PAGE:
By Kevin Lair
Senior Elm Editor
Over the past few weeks, there has been an incredible amount of news coverage on two budget proposals—one authored by the president of the United States, the other by the governor of Maryland. Despite countless differences, both budgets have vast ramifications for college and K-12 students.
President Barack Obama’s $4 trillion budget proposal carries a $474 billion deficit in Fiscal Year 2016, is followed by 10 consecutive years of deficits, and adds more than $6 trillion to the national debt, according to “U.S. News.” This massive spending represents a truly unsustainable fiscal path that will saddle our children and future generations with colossal debt.
Further illustrating the president’s disconnect with the middle-class, Obama recently announced his plan to end the tax advantages of 529 student savings accounts that countless families rely on to save for college. While the president claims that these plans are only used by the rich, the College Savings Foundation found that nearly 10 percent of these account holders have incomes below $50,000, and more than 70 percent of the seven million accounts in use are owned by households with incomes below $150,000. In 2007, the Obamas said that they deposited $240,000 into 529 plans for their daughters’ college futures, and now the president wants to get rid of these plans. Luckily, widespread pressure from both sides of the aisle led Obama to scrap this idea.
In addition, Obama’s plan to “lower the cost of community college — to zero” carries a real price tag of $60 billion over 10 years to the government, including a quarter needed from states, according to the Associated Press. Teachers and other educators fear that such an emphasis on community college education may sway students and scholarships from four-year schools and degrees in favor of two-year institutions. Not only will many students not qualify for the president’s plan, it will make it harder for students who seek four-year institutions and degrees.
In contrast, Maryland Gov. Larry Hogan’s “structurally balanced” budget for Fiscal Year 2016 includes record funding for K-12 education aid, school construction, and higher education. All of these feats are accomplished without raising taxes, by cutting spending by more than half, and turning an inherited $1.25 billion budget shortfall into a $47 million surplus. Still, Democrats try to paint Hogan as cutting education spending. In reality, Hogan’s $16.4 billion budget proposal scales back the rate of spending increases, a move very different than cutting, in order to provide record investment in education while maintaining a balanced budget.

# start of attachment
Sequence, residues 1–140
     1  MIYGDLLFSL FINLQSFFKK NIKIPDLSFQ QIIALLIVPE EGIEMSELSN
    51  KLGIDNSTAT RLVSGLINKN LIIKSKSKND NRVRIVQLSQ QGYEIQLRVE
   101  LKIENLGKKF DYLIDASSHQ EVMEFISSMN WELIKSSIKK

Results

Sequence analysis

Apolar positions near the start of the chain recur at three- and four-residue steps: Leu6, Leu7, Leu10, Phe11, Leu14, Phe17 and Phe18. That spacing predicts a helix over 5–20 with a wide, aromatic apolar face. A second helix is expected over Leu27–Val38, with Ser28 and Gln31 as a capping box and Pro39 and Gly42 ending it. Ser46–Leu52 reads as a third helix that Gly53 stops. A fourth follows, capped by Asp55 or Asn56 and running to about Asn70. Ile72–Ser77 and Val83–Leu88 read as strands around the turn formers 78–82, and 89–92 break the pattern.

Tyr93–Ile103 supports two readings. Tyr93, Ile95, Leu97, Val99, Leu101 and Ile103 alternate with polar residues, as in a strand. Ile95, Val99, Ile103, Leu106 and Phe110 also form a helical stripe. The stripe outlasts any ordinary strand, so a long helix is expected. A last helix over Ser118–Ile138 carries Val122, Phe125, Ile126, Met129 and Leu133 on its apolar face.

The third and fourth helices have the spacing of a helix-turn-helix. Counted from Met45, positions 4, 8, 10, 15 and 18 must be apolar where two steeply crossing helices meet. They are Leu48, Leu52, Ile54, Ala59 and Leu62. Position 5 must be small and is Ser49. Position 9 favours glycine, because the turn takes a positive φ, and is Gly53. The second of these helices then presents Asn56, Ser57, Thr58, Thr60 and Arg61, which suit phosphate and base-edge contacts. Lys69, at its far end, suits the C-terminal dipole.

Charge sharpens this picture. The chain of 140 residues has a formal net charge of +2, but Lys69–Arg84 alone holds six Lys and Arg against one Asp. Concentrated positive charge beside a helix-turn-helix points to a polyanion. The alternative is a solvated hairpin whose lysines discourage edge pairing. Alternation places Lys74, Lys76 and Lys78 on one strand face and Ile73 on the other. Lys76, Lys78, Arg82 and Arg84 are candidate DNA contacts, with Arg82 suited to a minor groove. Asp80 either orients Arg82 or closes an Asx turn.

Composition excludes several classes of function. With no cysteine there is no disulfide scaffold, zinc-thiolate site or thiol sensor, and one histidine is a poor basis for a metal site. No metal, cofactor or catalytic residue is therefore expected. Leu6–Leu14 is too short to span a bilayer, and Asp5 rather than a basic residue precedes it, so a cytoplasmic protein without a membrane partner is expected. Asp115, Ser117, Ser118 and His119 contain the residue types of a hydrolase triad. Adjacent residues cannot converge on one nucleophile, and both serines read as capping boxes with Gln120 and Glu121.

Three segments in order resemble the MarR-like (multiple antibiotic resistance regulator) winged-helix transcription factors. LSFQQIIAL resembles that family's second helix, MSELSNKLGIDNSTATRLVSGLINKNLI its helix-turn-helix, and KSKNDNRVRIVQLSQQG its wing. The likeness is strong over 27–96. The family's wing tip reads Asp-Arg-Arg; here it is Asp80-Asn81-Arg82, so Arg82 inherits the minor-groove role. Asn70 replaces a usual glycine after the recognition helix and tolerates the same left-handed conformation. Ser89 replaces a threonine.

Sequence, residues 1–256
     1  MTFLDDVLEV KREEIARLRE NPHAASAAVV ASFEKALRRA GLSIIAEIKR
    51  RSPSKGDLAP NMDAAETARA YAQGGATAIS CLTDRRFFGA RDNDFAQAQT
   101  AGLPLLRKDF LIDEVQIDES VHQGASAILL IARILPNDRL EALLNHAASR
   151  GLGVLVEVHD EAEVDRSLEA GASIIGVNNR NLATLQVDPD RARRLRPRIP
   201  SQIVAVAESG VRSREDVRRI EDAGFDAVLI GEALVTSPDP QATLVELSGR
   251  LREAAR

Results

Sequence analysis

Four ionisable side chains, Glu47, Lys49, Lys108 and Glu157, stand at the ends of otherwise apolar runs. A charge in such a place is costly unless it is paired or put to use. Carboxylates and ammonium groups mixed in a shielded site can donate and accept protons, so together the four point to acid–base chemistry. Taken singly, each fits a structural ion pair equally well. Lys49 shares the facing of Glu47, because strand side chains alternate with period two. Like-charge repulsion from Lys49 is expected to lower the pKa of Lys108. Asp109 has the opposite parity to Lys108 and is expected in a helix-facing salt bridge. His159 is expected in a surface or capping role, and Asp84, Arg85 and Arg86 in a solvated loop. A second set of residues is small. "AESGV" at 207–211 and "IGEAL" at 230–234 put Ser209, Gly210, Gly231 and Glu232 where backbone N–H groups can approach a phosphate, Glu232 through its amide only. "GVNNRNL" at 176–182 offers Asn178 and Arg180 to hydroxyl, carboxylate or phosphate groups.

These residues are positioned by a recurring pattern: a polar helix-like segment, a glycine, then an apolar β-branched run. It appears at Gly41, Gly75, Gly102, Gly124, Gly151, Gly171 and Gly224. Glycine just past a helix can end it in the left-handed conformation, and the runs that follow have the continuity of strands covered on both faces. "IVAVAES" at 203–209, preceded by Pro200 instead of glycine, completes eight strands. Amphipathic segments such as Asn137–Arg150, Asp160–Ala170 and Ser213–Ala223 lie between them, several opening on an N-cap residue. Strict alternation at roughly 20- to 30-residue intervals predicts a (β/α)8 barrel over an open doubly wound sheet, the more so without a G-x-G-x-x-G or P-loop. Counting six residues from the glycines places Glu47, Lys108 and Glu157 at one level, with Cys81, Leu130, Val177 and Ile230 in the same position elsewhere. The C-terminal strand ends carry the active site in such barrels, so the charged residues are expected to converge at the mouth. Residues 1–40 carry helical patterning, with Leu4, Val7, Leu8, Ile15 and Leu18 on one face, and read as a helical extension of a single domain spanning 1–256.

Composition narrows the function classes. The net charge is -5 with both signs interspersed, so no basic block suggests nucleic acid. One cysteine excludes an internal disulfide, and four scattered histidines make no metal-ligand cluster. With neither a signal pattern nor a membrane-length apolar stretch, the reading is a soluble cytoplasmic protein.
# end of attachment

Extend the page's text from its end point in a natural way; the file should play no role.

Hogan has also declared his intent to re-evaluate the nationally-imposed Common Core standards, highlight the success and opportunities fostered by charter schools, and focus on maximizing every dollar of state spending to provide world-class education. This illustrates the Governor’s focus on providing affordable, top-notch education for the state and citizens who call it home.
Unlike Obama’s budget proposal, Hogan’s plan demonstrates sound economics and a true understanding of kitchen table finances—you cannot spend more than you make. Politicians should be held to the same standards as middle-class families who have to balance their checkbooks.
Both budgets directly and indirectly impact education for students in K-12 and college but are done in philosophically different ways. Obama’s budget seeks to increase taxes on already struggling families, imposes additional regulations and obstacles, and makes it financially harder for students seeking higher education. Hogan’s budget provides for record investment and opportunity for students to achieve regardless of their background.
Governor Hogan has also illustrated his intent to work with members of the Democratically-controlled Maryland General Assembly to bring about common-sense solutions to issues like education, while President Obama has declared his unwillingness to work with a Republican-controlled Congress.
Education should never be a political issue—it is a necessity, a means of personal growth, and investment in one’s future. Of these two budgets mentioned, only one makes education a bipartisan priority, and Marylanders should be proud.